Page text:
Head to the Art Deco-inspired bar, where marbled wallpaper is meant to reflect the inside of a book and well-dressed waiters in yellow bow ties mix own-version negronis.
The extensive wine list features predominantly New World reds, whites and rosés as well as English options from Norfolk vineyards. Try a glass of the smooth Parke’s Tavern Claret, or the 2015 Chianti Rufina with full-bodied, spicy plum tones.
If you’re looking for something sweeter, opt for one of the signature cocktails, each inspired by a person, place or event in Cambridge’s history. We loved the Mccalmonts Mansion, made with Cambridge Dry gin and fragrant lavender cordial.
For gin lovers, order a tasting flight of local gins from the Cambridge Distillery including Anty, Japanese, Cambridge Dry, Truffle and, in the near future, Parker’s Tavern’s own variety.
- Ramsbury Gin
- Two Birds Gin
- Rock Rose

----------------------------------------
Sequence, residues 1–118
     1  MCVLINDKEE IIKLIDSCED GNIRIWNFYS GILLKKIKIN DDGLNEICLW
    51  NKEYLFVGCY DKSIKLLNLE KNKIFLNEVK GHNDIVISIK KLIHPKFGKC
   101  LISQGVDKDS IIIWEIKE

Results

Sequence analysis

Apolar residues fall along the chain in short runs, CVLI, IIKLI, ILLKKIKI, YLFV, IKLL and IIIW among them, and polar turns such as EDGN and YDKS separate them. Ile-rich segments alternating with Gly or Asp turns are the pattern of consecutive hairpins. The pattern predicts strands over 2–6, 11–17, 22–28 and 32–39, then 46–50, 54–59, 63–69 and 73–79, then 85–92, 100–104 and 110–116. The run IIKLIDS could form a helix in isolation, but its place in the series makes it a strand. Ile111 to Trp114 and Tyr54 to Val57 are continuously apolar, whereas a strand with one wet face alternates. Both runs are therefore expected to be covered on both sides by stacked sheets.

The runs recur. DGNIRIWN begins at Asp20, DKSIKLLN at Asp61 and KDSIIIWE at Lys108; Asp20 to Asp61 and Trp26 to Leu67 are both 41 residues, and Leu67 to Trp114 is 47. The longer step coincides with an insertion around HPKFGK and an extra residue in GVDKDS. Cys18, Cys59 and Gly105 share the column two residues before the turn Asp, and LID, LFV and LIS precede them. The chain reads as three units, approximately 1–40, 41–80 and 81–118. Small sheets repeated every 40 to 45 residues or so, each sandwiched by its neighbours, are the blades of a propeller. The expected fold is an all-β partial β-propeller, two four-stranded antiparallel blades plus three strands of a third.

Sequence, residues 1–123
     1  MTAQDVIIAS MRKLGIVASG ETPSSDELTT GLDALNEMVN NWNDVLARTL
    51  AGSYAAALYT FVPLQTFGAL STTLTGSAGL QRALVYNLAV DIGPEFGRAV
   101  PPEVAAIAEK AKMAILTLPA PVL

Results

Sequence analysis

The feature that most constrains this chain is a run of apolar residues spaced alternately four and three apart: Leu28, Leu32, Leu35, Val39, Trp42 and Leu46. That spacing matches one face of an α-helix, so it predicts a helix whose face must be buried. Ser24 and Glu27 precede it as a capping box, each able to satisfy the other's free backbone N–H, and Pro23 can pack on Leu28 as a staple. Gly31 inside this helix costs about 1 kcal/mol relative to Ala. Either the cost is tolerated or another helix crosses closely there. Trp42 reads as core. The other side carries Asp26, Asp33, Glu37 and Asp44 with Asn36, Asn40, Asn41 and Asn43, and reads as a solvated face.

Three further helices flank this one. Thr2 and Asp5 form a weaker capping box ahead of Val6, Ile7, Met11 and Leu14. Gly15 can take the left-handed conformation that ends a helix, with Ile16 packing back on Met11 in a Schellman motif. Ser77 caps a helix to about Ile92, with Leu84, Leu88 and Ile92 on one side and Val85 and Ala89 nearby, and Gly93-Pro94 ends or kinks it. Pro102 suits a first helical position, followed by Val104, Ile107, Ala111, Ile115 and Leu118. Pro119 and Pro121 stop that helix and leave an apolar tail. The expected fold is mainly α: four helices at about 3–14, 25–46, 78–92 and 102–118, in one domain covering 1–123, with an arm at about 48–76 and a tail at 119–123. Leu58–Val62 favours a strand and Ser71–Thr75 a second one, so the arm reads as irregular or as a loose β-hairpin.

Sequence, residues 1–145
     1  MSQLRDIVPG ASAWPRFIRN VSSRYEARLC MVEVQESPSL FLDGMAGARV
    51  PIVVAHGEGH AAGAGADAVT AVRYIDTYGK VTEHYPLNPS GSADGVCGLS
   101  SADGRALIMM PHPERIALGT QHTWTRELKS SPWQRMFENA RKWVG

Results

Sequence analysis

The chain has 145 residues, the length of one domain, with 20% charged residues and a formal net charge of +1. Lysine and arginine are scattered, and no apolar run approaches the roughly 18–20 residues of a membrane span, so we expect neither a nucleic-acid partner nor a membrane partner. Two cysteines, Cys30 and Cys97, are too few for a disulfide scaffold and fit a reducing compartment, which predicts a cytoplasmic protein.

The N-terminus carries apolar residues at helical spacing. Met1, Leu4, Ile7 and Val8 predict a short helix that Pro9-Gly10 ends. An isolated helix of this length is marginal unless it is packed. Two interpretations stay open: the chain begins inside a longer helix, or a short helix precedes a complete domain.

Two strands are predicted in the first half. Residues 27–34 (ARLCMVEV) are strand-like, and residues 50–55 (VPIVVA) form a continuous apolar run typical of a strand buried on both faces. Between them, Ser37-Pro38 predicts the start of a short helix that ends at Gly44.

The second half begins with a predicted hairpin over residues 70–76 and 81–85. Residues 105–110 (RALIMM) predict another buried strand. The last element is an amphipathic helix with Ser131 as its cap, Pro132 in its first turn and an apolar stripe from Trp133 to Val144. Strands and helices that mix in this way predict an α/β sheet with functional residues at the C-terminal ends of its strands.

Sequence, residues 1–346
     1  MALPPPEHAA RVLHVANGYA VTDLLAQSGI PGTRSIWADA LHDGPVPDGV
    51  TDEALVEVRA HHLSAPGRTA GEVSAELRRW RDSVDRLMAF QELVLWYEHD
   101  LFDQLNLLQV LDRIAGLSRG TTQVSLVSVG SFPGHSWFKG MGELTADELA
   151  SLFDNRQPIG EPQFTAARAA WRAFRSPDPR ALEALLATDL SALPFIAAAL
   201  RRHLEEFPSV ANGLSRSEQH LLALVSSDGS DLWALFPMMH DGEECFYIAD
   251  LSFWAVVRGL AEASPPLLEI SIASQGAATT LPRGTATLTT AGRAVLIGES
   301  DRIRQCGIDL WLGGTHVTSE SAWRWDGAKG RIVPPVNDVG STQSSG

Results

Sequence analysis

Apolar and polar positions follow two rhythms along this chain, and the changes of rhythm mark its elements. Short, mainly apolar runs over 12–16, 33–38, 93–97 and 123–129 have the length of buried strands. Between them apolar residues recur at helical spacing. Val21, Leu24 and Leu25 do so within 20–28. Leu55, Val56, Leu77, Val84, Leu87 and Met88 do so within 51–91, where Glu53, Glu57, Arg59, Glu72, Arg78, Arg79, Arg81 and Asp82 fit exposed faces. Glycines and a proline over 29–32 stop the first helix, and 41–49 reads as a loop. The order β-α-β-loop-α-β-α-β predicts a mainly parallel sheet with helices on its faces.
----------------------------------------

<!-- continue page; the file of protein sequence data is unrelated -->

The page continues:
- Silent Pool Gin
- Porter’s Gin
And to eat?
The hotel is home to Parker’s Tavern, a British brasserie with chef Tristan Welch at the helm. After three years working in Mustique (and, prior to that, at Le Gavroche and Glenapp Castle (read our review here), Tristan has returned to his home town, creating a menu that celebrates East Anglian produce. Expect homely classics, such as fish cakes and potted shrimp, alongside hearty pies and roast meats.
For a rich start to your meal, order the silkily smooth truffled duck egg on toast, with truffle-mushroom mayo and sherry vinegar, or try the creamy, slightly spiced coronation chicken served with sweet chunks of grilled apricot, nuggets of almonds and crisp butter lettuce.
Mains are hearty, from tender duck served with creamed potato and al dente bitter spinach to roast suckling pig with crisp crackling, sweet juices and smoky braised fennel.
For those with a very sweet tooth, the Duke of Cambridge Tart is a must. A reinvention of a historic pudding, the sticky treacly spiced marmalade filling on a buttery pastry base comes with a generous dollop of thick clotted cream.